Does this count as a “mega-trend”?
Technology may be getting smarter, but humans are getting dumber, scientists have warned.
Evidence suggests that the IQs of people in the UK, Denmark and Australia have declined in the last decade.
Opinion is divided as to whether the trend is long-term, but some researchers believe that humans have already reached intellectual peak.
An IQ test used to determine whether Danish men are fit to serve in the military has revealed scores have fallen by 1.5 points since 1998.
And standard tests issued in the UK and Australia echo the results, according to journalist Bob Holmes, writing in New Scientist. […]
Michael Woodley, of the Free University of Brussels, Belgium, claims people’s reactions are slower than in Victorian times, and has linked it to a decline in our genetic potential.
It has previously been claimed that quick-witted people have fast reactions and Dr Woodley’s study showed people’s reaction times have slowed over the century – the equivalent to one IQ point per decade.
Jan te Nijenhuis, a psychology professor at the University of Amsterdam, says Westerners have lost an average of 14 IQ points since the Victoria Era.
When you consider the large-scale achievements of Western societies in times past, such as for example the building of the cathedrals, the construction of the Empire State Building in less than 13 months during the Great Depression, and the moon landing (which was watched, live, by 600 million people around the world in 1969), it’s almost laughable to imagine the US even attempting, let alone successfully pulling off an effort of comparable difficulty in 2017, when adjusting for today’s far superior level of technology.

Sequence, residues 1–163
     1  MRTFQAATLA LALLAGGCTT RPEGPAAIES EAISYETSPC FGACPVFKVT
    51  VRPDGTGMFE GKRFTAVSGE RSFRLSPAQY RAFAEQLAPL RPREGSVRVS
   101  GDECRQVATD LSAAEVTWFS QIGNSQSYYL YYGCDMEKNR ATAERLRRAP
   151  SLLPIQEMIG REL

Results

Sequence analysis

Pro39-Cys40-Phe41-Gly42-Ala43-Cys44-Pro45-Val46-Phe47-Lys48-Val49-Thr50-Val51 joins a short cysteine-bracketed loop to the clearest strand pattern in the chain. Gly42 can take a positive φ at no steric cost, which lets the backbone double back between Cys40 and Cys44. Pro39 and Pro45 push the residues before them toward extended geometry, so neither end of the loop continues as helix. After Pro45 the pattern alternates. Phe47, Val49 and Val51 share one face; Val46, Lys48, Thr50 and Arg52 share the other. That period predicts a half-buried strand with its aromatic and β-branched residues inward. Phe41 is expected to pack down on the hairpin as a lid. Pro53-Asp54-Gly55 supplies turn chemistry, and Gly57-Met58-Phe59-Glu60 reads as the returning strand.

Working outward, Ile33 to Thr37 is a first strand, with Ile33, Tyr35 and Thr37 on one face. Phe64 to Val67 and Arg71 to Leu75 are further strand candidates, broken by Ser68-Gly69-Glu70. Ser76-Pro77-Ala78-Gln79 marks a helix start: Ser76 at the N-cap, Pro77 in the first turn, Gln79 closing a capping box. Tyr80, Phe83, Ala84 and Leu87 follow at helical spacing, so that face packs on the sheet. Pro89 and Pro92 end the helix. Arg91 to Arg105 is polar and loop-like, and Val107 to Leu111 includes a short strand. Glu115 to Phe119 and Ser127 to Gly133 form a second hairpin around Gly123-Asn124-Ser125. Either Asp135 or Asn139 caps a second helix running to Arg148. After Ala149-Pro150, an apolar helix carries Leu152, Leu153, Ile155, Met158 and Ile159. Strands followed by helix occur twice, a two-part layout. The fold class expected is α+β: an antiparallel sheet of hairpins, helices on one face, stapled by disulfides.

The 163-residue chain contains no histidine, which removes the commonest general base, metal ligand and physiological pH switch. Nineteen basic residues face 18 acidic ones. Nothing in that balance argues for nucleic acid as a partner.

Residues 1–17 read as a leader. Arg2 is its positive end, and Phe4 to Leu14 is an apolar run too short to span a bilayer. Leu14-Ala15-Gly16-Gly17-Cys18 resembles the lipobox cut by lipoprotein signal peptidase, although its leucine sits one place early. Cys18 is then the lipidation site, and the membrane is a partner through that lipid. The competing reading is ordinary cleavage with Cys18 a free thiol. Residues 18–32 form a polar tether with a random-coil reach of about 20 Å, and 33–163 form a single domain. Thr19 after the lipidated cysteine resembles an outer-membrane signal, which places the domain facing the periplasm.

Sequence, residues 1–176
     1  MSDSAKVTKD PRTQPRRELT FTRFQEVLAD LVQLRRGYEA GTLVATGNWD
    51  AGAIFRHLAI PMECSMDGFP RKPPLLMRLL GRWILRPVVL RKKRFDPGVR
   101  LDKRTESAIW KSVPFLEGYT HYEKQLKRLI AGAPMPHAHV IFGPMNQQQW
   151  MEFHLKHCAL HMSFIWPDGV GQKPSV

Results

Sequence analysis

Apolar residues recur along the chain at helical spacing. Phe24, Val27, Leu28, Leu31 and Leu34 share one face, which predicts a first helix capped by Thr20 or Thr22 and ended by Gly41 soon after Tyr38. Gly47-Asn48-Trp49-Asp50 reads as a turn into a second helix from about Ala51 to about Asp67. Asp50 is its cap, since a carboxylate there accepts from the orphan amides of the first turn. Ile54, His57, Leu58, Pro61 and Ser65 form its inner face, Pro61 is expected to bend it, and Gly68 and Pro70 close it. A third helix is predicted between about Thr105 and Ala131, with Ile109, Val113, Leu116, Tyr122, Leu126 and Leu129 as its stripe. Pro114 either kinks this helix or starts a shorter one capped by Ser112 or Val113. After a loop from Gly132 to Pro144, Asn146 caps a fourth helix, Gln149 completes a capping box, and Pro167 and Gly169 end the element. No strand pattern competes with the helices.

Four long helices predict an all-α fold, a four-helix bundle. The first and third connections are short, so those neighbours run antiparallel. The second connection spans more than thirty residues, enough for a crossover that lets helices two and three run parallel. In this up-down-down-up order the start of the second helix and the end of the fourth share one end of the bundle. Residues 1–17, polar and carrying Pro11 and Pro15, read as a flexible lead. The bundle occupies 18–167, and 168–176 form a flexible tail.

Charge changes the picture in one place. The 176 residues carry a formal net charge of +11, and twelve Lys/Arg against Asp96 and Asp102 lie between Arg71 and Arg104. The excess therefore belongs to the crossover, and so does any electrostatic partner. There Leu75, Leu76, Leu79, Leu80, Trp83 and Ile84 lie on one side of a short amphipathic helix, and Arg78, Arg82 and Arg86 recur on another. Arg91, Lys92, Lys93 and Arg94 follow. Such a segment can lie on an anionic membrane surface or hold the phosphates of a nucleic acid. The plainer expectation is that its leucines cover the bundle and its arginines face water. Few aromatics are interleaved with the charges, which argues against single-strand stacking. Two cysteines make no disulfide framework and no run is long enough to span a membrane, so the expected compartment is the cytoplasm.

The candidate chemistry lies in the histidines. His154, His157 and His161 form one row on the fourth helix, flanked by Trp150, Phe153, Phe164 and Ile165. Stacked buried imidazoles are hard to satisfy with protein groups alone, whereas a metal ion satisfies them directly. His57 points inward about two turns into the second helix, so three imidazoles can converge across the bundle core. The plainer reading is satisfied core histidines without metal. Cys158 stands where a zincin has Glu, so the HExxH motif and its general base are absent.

Or maybe even not adjusting for today’s far superior level of technology. After all, to take one absolute measure of achievement, no human has left low Earth orbit since 1972.
- “That’s because it’s too costly / too dangerous / pointless / no political will” etc.
Regardless of the reasons, the fact is that we have not done so in almost half a century. That is functionally the same as saying that we can’t. And 45 years is a long enough time that, based on our previously demonstrated levels of competence, we should already have people strutting around on Mars by now. If we were capable of doing this, we would have done it, because it is simply too awesome not to. And we (the US, at least) haven’t had the excuse of a huge war, economic depression or other national cataclysm that would have made such a project impossible or even impractical.
Somewhere along the way, we lost the drive to explore new frontiers and push the boundaries of human achievement. Either that, or the drive is still there but we’ve simply become too dumb to organize collectively for hard projects like space exploration.
Either possibility suggests that our civilizational competence has declined (by a lot) over the past five decades. If so, that could be a function of the decline in average intelligence that some researchers are seeing.